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A Nation of Trash|Horrific Impact On The Environment & Wildlife

According to the EPA, the Environmental Protection Agency, in 2006 Americans generated 251 million tons of trash. That translates to a per capita trash disposal rate of 4.6 pounds per person, per day. In details, 65% came from residences, while 35% came from schools and commercial locations such as hospitals and businesses.

The big question is, where does it all end up? 55% gets buried in landfills, 33% gets recycled, and 12.5% goes to incinerators. As you can imagine, collecting and transporting trash and recyclables is a huge task. Here are some very interesting data: According to the National Solid Waste Management Association, the solid waste industry employs tons of people, an estimate of 368,000 folks. Beside the man labor, they use 148,000 vehicles to move garbage to 1,754 landfills and 87 incinerators. They also pick up recyclables at curbside in 8,660 communities and take them to 545 materials recovery facilities for sorting. As you can see, solid waste is big business of about $47 billion in annual revenue.

Trashing the environment
The amount of litter that ends up spoiling the beauty of the natural environment. It is not surprising considering the amount of waste we produce. Glass bottles, plastic packaging, tin cans, newspaper, cardboard, and other types of garbage spoil urban and rural landscapes everywhere. Paper products alone account for over 40% of all garbage thrown away. Sometimes the wind blows trash from overloaded garbage cans or private cars and messes up the environment. Based on that, it’s important to use a car trash bag in your car. Instead of using disposable plastic bags, get a high-quality one that can be cleaned on a regular basis. A high-quality car litter bag will last a long time. Using less disposable stuff creates less garbage and thus pollution for the environment. Because of its nature, trash can last for a long time depending on the disintegration of the garbage. For example, aluminum cans do not disintegrate, and some plastics take decades to break down.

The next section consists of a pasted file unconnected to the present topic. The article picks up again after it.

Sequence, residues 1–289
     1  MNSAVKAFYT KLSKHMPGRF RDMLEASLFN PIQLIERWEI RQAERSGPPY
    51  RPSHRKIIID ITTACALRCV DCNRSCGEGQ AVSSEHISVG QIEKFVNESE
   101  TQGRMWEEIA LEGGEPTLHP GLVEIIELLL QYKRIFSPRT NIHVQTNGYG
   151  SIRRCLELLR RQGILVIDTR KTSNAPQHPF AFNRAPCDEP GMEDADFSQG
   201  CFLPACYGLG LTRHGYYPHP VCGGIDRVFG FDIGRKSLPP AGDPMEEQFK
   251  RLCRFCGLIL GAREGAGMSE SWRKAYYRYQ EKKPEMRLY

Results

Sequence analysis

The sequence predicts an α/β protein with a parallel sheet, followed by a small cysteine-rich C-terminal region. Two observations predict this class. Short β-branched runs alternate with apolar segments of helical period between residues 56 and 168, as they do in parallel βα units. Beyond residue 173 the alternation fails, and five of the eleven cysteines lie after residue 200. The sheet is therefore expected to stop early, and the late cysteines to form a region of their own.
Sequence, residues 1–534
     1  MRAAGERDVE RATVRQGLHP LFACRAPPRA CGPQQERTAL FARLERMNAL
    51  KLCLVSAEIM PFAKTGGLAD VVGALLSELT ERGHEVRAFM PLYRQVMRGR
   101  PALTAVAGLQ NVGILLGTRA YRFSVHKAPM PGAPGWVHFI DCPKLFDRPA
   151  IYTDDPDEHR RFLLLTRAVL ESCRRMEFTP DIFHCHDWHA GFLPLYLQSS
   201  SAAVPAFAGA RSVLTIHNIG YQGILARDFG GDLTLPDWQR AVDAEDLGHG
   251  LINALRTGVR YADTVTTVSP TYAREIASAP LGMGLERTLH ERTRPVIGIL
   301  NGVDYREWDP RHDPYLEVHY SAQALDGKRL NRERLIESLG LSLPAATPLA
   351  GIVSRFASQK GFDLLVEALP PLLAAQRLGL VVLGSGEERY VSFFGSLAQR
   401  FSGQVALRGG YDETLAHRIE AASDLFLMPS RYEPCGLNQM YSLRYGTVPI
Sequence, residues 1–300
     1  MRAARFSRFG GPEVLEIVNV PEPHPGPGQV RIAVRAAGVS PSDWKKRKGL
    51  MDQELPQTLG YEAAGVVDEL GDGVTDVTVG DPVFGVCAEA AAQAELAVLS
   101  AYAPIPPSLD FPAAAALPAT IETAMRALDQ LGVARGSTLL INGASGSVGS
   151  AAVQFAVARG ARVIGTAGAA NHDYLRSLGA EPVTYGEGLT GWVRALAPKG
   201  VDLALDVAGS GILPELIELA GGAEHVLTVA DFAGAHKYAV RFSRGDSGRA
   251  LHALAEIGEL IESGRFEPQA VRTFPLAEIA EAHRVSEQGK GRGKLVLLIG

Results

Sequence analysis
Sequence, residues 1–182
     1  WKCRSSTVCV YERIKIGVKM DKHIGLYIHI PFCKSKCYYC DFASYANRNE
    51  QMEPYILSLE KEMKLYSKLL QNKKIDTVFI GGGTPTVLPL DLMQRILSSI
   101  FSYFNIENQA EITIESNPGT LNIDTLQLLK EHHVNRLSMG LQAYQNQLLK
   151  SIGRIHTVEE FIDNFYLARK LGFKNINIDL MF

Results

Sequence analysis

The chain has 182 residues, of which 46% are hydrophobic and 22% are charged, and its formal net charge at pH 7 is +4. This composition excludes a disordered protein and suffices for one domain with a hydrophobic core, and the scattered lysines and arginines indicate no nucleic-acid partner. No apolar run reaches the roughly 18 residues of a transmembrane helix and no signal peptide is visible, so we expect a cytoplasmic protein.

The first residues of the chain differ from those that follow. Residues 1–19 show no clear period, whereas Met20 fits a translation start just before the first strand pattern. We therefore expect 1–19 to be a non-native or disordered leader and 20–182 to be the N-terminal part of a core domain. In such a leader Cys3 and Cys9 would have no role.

How trash threatens wildlife
Trash can be very harmful to wildlife. Discarded fishing lines can trap the legs, wings or neck of waterfowl such as swans or moorhens. An even worse scenario, a fishhook may get stuck in a bird’s throat that can cause choking and eventual death. Water birds suffer lead poisoning when they accidentally swallow small lead fishing weights. That is not the end; broken glass can cut the feet of foxes, coyotes, or badgers, and unbroken bottles present a hazard to various small animals. Lizards often crawl inside bottles or cans to get warmth, to seek protection or search for food. But the issue is, they may find it difficult to crawl out again and can die of overheating. Small mammals in search of food often get their heads caught in the openings of jars. Because of that, please remember to place lids on bottles and jars before discarding can help prevent animals from becoming entrapped. Birds, fish, and mammals may get ensnared by plastic six-pack holders. There is a simple way to prevent this, cut up the plastic rings so that they do not become traps.

Recycling is good for you and the environment
Recycling avoids many of these tragedies. When you recycle something, the item is sorted and used to make similar items. Aluminum cans, for example, contain about 41%recycled aluminum. In addition, it takes 95% less energy to make a can from recycled aluminum than from virgin bauxite ore, the main core raw material. On top of that, the manufacturer creates fewer greenhouse gasses. In addition, recycling also reduces climate change emissions from incinerators and landfills. “Recycling is truly a win-win situation in terms of global warming pollution,” said Allen Hershkowitz, a senior scientist with the Natural Resources Defense Council and director of its national solid waste project.

Published: December 16, 2014 | Comments: 0